Immunocompetence of the severely injured spleen verified by differential interference contrast microscopy

The red blood cell pit test

Mark Falimirski, Amjad Syed, David Prybilla

Research output: Contribution to journalArticle

15 Citations (Scopus)

Abstract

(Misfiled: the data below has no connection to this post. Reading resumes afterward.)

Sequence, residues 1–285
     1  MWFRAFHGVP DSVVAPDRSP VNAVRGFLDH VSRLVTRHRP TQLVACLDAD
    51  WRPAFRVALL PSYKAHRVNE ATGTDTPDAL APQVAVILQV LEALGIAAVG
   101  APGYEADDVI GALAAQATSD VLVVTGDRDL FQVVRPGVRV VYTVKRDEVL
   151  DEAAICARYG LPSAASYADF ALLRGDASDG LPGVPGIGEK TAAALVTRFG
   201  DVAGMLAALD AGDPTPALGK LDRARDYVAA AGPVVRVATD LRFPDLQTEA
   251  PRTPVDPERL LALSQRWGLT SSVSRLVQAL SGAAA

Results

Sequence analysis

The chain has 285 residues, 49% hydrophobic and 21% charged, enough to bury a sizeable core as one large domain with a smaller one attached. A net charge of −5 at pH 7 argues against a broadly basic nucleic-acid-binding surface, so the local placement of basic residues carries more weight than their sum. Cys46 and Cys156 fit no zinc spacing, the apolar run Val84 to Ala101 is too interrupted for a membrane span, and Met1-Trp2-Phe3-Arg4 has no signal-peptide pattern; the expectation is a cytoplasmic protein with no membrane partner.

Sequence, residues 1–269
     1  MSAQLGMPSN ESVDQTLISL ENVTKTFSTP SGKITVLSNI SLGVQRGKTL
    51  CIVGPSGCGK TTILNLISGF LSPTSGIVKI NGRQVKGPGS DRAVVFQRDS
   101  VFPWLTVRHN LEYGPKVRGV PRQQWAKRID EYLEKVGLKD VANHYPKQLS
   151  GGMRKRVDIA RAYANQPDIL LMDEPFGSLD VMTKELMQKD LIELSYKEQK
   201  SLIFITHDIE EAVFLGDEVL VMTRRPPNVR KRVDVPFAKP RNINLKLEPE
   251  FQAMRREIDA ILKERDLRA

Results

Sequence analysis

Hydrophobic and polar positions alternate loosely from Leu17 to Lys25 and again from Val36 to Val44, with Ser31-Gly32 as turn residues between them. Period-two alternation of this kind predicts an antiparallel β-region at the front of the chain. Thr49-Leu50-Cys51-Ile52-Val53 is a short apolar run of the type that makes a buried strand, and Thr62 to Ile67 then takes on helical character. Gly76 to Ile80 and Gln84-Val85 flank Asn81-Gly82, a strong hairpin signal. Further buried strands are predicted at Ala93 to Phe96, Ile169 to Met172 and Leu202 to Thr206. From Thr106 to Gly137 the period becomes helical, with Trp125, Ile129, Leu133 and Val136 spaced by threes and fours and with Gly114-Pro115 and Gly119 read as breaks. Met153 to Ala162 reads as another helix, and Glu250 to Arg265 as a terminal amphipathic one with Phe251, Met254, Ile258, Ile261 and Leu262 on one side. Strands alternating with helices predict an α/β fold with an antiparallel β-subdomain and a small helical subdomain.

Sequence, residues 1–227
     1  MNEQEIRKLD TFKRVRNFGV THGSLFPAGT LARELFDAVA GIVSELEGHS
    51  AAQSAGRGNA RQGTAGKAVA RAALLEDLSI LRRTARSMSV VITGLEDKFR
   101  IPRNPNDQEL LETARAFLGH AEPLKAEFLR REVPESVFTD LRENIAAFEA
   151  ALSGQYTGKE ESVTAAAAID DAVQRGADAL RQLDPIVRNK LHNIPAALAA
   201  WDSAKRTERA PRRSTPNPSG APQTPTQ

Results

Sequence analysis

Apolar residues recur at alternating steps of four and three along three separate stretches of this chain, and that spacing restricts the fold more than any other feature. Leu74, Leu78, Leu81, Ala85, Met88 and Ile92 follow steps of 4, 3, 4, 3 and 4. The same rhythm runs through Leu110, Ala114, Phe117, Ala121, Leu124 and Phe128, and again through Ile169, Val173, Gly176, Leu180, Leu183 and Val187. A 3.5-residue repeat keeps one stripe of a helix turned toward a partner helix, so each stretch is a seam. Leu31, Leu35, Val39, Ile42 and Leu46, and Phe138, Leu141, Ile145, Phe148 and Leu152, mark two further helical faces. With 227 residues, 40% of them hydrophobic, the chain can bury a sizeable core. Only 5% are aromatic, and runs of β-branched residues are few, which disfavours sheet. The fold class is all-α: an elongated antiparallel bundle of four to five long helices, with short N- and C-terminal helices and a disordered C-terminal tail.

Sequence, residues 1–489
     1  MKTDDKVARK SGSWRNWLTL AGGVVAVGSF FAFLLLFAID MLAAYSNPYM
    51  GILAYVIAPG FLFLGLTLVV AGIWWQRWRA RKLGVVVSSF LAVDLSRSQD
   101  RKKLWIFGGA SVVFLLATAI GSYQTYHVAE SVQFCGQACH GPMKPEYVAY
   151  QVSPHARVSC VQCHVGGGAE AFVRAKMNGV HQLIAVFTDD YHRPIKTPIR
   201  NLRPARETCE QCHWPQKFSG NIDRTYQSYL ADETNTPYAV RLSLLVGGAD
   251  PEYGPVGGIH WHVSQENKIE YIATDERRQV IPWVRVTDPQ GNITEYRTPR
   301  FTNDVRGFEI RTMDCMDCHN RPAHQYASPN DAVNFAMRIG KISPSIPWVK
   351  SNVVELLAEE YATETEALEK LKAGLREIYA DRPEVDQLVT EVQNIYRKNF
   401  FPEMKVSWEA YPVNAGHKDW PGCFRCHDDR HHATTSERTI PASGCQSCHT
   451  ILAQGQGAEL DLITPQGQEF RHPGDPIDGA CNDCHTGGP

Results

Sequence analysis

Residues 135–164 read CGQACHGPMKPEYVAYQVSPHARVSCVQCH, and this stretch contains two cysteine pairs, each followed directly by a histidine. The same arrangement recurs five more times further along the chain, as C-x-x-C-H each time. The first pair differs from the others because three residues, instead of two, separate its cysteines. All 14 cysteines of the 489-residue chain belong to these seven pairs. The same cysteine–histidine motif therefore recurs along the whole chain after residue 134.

OBJECTIVE: To determine the immunocompetence of the successfully nonoperatively managed injured spleen warranting vaccinations for overwhelming postsplenectomy sepsis by differential interference contrast microscopy (DICM). METHODS: Cull an urban Level I trauma systems data bank for all patients with grade IV or V splenic injuries (those with the greatest potential to compromise immunologic function) successfully managed nonoperatively and those who have required splenectomies since 1996 and verify the Association for the Surgery of Trauma grading. Contact or obtain written consent of these patients and acquire a blood sample for DICM (red blood cell [RBC] pit analysis) and IgM levels (as a control). Compare values of those sustaining splenic injuries with those of two control groups: patients with splenectomies and those with normal splenic function. RESULTS: Forty patients were contacted, consented, and volunteered blood samples: 10 patients with grade IV splenic injuries, 1 patient with a grade V injury, 14 patients with splenectomies, and 15 controls. Average RBC pit levels and IgM levels for patients sustaining injuries (15) and successfully nonoperatively managed were 0.6% (0%-2% nL) and 91 mg/dL (46-304 nL), respectively. Patients with splenectomies had levels of 20.4% and 86 mg/dL whereas controls had levels of 0.7% and 110 mg/dL, respectively. The average time frame from injury to RBC pit test was 3.1 years. Comparing the successfully nonoperatively managed group with the splenectomy group using t test with Satterthwaite's method because of unequal variances, there was a statistically significant difference (p = 0.0002). Comparing the same study group with those with normal splenic function using t test with pooled variance, there was no statistical significant difference between groups (p = 0.489). CONCLUSION: DICM, a commonly used test to evaluate splenic-based immunocompetence in patients with sickle cell anemia, hemoglobinopathies, and patients undergoing partial splenectomies, also confirms splenic immunocompetence in patients sustaining up to grade IV splenic injuries. IgM levels earlier thought to be low in patients after splenectomy normalize.